Iz and Pal (Bedouin Buddies)


Iz and Pal

Jonathots Daily Blog

(4204)

Epilogue

Inclement weather forced the supersonic jet to land in Jacksonville, where a limousine was quickly provided to complete the 141-mile trip.

Upon arriving at the location, the doors of the limousine flew open and two exhausted, but eager, boys stepped out into the morning air. The gates opened and out walked a six-foot-tall mouse, an eight-foot-tall dog, seven bearded dwarves and a stunning princess, adorned in a red velvet dress with white and black trim.

She approached and kissed each boy on the cheek, waving her hand in the air as she proclaimed, “Welcome to Disney World.”

The pair of pals gazed at the scene before them: tall statues, golden castles, tents containing the most wonderful smells imaginable and huge boxes moving over hills (which they found out later were called rollercoasters).

They were together. Their dreams had come true. They really were in a new kingdom.

A magical one.

The End

Donate ButtonThe producers of jonathots would humbly request a yearly subscription donation for this inspirational opportunity 

Iz and Pal (Bedouin Buddies)


Iz and Pal

Jonathots Daily Blog

(4036)

Sitting Eighteen

Iz was still bewitched and bedazzled by his night vision. Charged with energy, he surged past Pal’s proclamation, yearning to speak of his own experience. “I must tell you about my dream,” he said. “Pal, I must tell you before I forget it.”

Pal was instantly sullen. Although he loved his young friend dearly and the relationship was very new, he already realized that he was losing the lion’s share of arguments—being pushed to the side by the manic energy of Iz. But this time Pal was so enraptured in his vision that he chanced speaking up to his overbearing friend. “I want you to listen to mine first,” he insisted. “Then I promise to listen to yours. But I think if we start with yours, there won’t be time to tell you what I saw.”

Pal didn’t hesitate further. Before Iz could object, he launched dramatically:

My brother stole my hat and began to run through the streets. I chased him, all the while knowing he would be too fast for me—that I would never be able to catch him. Meanwhile, the streets grew more narrow. I heard laughter coming from the walls of each home, as if unseen people, were making fun of me—of my weakness because I could not keep up with my brother. I was too slow. The streets kept narrowing until finally, the path closed in on me. All at once I ran into a wall, and fell on my back, splashing into a pool of water.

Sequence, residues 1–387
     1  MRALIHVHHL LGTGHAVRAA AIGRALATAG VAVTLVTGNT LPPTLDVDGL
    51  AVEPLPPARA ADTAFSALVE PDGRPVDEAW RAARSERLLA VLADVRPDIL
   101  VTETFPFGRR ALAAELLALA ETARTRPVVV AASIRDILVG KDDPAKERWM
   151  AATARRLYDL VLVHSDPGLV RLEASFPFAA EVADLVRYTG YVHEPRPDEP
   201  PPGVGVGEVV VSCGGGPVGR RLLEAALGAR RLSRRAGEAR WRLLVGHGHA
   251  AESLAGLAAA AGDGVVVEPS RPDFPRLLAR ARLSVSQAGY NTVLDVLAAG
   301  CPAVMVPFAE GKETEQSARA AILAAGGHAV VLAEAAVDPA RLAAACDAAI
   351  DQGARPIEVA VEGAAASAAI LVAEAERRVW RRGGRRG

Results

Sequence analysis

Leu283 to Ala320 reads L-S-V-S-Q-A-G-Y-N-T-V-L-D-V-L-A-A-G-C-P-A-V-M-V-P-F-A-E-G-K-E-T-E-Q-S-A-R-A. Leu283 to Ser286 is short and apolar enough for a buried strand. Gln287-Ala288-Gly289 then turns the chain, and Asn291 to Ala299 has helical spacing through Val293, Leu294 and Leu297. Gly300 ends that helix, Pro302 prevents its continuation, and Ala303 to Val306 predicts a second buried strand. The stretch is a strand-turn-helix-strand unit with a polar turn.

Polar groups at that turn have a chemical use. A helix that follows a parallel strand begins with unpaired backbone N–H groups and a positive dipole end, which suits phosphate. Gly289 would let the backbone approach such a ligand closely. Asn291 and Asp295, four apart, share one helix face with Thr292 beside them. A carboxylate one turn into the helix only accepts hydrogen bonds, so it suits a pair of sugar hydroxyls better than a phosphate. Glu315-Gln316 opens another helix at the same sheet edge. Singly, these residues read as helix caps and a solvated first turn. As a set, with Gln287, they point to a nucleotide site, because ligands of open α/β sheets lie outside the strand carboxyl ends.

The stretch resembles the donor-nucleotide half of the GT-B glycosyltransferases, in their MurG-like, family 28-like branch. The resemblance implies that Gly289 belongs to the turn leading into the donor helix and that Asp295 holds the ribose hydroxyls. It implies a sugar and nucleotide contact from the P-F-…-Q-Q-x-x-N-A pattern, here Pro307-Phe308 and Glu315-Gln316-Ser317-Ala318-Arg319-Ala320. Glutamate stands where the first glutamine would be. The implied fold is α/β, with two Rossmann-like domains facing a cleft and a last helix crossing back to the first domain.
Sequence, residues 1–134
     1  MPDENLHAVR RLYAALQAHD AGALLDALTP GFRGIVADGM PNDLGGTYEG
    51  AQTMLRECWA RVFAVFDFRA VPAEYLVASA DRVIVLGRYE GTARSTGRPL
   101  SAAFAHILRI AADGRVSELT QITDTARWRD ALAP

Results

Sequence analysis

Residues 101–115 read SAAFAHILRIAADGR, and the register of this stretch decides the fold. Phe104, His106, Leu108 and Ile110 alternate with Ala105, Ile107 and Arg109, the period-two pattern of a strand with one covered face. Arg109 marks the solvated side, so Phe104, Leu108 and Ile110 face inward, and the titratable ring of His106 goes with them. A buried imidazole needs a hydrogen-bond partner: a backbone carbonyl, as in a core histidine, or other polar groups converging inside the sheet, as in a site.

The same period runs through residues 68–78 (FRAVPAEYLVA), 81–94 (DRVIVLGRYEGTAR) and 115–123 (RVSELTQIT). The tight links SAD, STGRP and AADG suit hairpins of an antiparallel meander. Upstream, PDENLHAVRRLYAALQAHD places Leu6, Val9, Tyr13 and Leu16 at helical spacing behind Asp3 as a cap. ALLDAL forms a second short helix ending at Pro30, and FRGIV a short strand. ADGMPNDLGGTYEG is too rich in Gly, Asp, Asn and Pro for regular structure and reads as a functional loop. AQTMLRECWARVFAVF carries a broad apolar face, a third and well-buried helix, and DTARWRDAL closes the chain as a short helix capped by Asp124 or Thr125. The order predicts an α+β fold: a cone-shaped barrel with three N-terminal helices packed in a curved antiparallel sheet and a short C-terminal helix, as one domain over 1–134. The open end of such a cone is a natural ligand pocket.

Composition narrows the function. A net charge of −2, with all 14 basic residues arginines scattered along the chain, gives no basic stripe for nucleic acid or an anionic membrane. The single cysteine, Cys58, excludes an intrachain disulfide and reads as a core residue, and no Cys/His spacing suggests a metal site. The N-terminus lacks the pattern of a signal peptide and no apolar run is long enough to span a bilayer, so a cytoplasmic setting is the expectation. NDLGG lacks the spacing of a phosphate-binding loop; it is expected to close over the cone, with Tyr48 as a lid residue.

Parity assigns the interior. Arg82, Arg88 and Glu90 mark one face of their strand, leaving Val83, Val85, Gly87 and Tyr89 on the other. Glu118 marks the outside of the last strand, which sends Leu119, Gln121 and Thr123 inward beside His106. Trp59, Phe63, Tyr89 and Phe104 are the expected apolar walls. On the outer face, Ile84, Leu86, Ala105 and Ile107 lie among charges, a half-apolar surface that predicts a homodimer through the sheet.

Well, I thought it was water, but it was green and sticky, and it really stunk. It got on my skin and turned it red and made it bumpy. Alarmed, I tried to scream but nothing came out of my mouth. My pleas were blocked. I tried to rise to my feet, but the green tide pulled me back down, deeper and deeper, into a puddle. I was terrified. I fell, until just my head, and then my lips, and finally, my nose was all that was exposed to the outside air. And then, like with one gigantic push, I was thrust underneath the scum. I looked around, trying to see what I could perceive, as the current gradually became a golden yellow.

The next thing I knew, I was in what seemed to be a small box, being rolled up and down the hills. I had an upset stomach and became sick. I begged for release but the box wouldn’t stop rolling. I heard cheering, clapping and yelling.

Then, deep within me, I stopped being afraid. It was so weird. I was still sick, but I wasn’t terrified.

Now listen. Finally the scene changed, and I was sitting in front of a thousand tents, filled with the smells of great food, with people standing outside calling to me, saying, “Here, Pal! Try this! Here, Pal! Eat this!”

I looked at the array of treats before my eyes. I didn’t know where to start. But I had no fear. Iz, I really wasn’t afraid.

Pal stopped his story, nearly breathless.

Two boys sat by the light of a single candle. They were still. They were thinking. Occasionally they would glance at one another.

Sweet fellowship. Neither one understood his dream. Neither one could interpret the other’s.

But they weren’t afraid.

No. Iz and Pal were unafraid.

Donate ButtonThe producers of jonathots would humbly request a yearly subscription donation for this inspirational opportunity 

Iz and Pal (Bedouin Buddies)


Iz and Pal

Jonathots Daily Blog

(4029)

Sitting Seventeen

The desert has little to offer—mainly the presence of persistence.

After Karin left Iz and Pal, they were suddenly overtaken by the sleep of exhaustion—just two boys, lying flat on their backs in the ragged remains of a tent, deeply asleep, overcome by worry and woe, welcoming the needed rest, yet nervous about the pending dreams.

And there were dreams.